> > ever I saw one.
> > * The 2 pages close with "We ask you, humbly: don't scroll away"
> > followed by a single option of a "MAYBE LATER" link (not a 'go away
> > forever please' link, and yes, it's really in shouty all caps).
> >
> > I might have passed on thinking, gah, not again, but there is a
> > further sting in this tale. After working out that there was a "No
> > thanks" link back at the start in a font smaller than all the notice
> > text, you are faced with a second big red fundraising notice. This one
> > has a sad weeping emoji in it, because you are going to "look the
> > other way". I guess the idea is to make it feel like you are
> > heartlessly walking past a beggar on the street without having the
> > humanity to look at them, not sure how else this is supposed to read.
> > It closes with the same "humbly" sentence, but this time with two
> > emojis that are begging or praying hands. Personally I find being
> > prayed at slightly offensive, Wikipedia being a haven of logical
> > thought, not a church, but that's probably me being too black hat.
> >
> > Isn't it about time the $100,000,000+ a year WMF made a design choice
> > to stay classy and avoid multiple full page banners begging the public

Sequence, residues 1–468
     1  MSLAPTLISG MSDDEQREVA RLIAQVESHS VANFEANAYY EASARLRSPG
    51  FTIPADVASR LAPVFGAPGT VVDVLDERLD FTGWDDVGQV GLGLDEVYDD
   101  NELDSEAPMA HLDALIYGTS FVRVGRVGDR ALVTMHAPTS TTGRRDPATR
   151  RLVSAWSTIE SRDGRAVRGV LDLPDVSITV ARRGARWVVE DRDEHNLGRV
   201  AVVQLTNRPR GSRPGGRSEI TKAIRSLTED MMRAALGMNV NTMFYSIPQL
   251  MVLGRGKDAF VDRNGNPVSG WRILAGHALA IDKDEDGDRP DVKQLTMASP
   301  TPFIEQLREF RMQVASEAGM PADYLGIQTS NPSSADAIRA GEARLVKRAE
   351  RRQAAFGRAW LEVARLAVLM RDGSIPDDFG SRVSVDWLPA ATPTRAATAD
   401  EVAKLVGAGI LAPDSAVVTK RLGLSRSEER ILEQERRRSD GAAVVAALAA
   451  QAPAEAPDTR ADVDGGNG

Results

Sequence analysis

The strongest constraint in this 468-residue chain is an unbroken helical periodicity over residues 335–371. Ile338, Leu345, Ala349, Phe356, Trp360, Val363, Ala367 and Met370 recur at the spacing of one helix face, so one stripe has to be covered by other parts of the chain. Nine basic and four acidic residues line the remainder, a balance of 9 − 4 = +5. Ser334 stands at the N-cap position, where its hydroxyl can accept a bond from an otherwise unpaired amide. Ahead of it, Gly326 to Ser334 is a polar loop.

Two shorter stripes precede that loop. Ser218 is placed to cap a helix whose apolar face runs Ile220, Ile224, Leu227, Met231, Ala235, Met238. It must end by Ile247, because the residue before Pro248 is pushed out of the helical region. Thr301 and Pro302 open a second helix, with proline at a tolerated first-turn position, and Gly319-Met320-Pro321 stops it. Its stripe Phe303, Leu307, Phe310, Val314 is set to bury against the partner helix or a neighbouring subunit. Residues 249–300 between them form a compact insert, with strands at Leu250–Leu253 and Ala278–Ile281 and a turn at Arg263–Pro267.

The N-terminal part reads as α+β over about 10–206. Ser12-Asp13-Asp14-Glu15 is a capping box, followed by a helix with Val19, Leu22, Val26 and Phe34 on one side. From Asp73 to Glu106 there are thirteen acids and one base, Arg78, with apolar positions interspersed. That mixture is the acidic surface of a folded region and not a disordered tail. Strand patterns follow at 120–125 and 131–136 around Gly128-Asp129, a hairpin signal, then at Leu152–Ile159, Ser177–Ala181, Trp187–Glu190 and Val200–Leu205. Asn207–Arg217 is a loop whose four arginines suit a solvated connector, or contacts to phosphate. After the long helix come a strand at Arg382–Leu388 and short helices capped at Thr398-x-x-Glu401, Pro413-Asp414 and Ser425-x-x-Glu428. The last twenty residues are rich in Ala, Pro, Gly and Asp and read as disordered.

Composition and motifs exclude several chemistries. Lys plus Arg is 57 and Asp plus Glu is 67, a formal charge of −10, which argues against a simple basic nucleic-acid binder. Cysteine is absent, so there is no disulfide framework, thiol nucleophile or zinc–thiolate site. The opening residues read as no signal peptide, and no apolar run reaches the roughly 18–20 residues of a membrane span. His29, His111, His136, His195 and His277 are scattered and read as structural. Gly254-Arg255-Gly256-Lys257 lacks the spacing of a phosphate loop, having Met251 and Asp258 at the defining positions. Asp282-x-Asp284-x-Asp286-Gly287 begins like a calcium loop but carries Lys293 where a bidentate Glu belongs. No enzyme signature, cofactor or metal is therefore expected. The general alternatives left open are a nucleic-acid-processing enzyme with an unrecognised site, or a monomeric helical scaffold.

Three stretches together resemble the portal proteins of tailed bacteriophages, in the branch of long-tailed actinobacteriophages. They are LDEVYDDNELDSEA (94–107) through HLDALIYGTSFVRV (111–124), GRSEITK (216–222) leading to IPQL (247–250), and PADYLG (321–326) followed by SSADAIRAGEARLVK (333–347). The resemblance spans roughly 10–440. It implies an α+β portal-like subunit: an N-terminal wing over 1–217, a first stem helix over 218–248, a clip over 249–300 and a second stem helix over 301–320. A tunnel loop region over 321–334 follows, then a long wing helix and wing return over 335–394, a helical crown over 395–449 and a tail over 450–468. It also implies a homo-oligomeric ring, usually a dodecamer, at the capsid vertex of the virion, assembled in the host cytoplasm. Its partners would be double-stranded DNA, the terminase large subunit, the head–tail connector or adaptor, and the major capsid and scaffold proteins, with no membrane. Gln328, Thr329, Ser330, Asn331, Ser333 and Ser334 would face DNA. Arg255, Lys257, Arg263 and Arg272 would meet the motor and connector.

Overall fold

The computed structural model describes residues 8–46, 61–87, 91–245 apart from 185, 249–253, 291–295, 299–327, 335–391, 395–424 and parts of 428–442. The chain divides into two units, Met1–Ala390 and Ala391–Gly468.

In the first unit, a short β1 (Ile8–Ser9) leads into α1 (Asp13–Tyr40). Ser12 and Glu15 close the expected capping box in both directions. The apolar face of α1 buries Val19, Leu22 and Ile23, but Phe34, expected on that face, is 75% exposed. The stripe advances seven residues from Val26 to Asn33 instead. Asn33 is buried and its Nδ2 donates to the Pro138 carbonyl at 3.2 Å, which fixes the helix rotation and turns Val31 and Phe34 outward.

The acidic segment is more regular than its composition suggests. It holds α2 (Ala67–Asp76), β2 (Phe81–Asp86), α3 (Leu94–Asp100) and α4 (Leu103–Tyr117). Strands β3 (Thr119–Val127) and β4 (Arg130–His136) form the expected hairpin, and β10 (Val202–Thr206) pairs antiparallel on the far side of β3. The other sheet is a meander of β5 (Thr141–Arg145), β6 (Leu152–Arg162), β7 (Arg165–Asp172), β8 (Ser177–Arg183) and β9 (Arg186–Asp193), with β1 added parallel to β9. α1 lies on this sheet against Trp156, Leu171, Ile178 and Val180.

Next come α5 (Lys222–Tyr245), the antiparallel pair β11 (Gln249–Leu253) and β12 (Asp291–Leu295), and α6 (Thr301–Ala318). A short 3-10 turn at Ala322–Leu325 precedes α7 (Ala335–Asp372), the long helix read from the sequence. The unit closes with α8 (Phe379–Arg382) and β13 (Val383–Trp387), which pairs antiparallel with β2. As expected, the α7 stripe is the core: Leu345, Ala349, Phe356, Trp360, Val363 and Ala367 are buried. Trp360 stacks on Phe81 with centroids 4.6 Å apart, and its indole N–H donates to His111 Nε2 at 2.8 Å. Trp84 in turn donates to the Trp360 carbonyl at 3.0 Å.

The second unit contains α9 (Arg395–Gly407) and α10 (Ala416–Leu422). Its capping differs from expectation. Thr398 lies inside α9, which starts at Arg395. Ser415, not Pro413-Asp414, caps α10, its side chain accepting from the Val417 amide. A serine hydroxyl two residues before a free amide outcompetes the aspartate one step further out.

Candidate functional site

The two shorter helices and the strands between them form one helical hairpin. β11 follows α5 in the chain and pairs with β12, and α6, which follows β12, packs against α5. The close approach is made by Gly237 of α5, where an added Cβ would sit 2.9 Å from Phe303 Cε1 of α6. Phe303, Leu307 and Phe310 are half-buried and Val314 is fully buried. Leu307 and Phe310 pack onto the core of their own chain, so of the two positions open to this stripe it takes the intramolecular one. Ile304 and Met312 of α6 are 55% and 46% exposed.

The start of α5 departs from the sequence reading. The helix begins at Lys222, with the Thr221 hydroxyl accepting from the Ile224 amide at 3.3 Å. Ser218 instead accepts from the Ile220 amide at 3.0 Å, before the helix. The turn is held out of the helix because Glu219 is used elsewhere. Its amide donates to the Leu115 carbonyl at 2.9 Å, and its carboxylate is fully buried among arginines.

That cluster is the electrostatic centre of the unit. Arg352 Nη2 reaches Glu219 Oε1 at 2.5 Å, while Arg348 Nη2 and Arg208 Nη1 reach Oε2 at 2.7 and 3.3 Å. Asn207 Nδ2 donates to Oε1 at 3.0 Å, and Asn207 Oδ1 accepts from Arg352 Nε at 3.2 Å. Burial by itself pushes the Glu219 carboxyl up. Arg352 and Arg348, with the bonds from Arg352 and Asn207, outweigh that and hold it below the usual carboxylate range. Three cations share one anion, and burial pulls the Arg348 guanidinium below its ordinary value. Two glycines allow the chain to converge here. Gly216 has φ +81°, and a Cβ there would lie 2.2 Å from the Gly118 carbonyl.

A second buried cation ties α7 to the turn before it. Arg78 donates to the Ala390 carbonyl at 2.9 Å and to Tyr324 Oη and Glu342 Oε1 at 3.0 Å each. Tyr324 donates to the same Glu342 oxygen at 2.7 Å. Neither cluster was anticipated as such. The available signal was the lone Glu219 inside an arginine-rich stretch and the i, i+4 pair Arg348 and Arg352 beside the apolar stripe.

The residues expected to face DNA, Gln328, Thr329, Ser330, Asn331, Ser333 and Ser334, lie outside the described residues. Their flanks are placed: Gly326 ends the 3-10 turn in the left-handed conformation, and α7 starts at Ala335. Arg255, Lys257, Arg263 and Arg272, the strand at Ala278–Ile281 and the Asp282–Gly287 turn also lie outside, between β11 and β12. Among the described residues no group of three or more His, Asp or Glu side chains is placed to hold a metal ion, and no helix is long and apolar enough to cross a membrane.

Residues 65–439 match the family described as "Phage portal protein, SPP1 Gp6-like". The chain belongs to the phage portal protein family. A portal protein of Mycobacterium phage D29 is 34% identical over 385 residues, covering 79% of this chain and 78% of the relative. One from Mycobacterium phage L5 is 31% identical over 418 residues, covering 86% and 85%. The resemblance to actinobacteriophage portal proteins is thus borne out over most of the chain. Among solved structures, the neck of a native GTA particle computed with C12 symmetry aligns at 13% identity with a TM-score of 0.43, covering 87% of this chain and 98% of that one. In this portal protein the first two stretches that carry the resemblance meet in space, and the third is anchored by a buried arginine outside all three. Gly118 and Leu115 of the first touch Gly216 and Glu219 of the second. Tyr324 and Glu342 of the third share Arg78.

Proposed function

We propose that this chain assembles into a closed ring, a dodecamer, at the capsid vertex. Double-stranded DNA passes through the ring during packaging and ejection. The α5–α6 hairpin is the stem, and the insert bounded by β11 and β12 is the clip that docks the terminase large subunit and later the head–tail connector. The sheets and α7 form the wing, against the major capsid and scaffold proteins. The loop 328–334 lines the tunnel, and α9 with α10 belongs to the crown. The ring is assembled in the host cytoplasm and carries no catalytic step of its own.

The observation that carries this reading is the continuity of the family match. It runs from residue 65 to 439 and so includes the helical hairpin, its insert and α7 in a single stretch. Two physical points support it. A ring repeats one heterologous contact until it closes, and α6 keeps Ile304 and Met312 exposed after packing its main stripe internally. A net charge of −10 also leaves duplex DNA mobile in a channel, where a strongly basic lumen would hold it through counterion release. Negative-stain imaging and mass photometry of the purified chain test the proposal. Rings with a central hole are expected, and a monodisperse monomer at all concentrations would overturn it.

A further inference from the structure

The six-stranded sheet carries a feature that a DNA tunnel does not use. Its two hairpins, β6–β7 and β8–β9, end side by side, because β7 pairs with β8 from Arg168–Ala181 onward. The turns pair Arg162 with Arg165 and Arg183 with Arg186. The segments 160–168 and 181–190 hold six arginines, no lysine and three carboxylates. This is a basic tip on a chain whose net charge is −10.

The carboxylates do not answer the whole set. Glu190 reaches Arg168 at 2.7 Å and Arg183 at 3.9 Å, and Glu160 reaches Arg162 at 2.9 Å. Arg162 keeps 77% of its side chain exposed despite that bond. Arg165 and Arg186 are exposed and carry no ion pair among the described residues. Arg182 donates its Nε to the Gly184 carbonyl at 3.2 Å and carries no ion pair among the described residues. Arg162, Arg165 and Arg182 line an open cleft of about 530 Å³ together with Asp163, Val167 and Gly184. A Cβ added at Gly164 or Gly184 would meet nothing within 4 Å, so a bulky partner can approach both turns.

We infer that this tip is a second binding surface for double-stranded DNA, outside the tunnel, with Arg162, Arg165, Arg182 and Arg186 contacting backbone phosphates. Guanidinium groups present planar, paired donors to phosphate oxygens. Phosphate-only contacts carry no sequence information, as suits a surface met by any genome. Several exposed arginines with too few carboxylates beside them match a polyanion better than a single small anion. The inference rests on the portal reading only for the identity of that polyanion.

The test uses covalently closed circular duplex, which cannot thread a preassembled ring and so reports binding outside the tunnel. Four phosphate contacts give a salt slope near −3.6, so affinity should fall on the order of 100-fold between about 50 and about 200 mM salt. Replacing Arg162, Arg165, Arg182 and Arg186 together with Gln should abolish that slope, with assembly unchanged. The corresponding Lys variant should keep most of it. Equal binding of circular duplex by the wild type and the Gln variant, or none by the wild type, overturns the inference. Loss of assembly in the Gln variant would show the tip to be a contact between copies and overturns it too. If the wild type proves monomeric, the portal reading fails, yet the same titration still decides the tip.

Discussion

> > for money like it was about to go bust? It looks desperate because
> > there's no other honest way to describe it.
> >
> > Stay safe, wear a mask,
> > Fae
> >
> > On Tue, 5 May 2020 at 12:58, WereSpielChequers
> > <werespielchequ...@gmail.com> wrote:
> > >
> > > Given the large reserves that the WMF carries, and the savings from
> > > cancelling events such as Wikimania 2020, I would have thought that the
> > WMF
> > > was one organisation that could afford to pause its fundraising for a
> few
> > > months. At least in countries where the economy is in freefall.
> > >
> > > In a few months time lots of people will still be in a financial mess.
> > But
> > > the large number of people who are currently going to be worried about
> > > their financial future will hopefully be divided into those who have
> kept
> > > their jobs. or got new ones and those who were right to be worried.
> > > Hopefully some of those who come through this financially OK will be
> in a
> > > position to donate.
> > >
> > > WSC
> > >
> > > On Tue, 5 May 2020 at 11:25, <wikimedia-l-requ...@lists.wikimedia.org>
> > > wrote:
> > >
> ------------------------------
Wikimedia-l mailing list, guidelines at: 
https://meta.wikimedia.org/wiki/Mailing_lists/Guidelines and 
New messages to: Wikimedia-l@lists.wikimedia.org
Unsubscribe: https://lists.wikimedia.org/mailman/listinfo/wikimedia-l, 

Reply via email to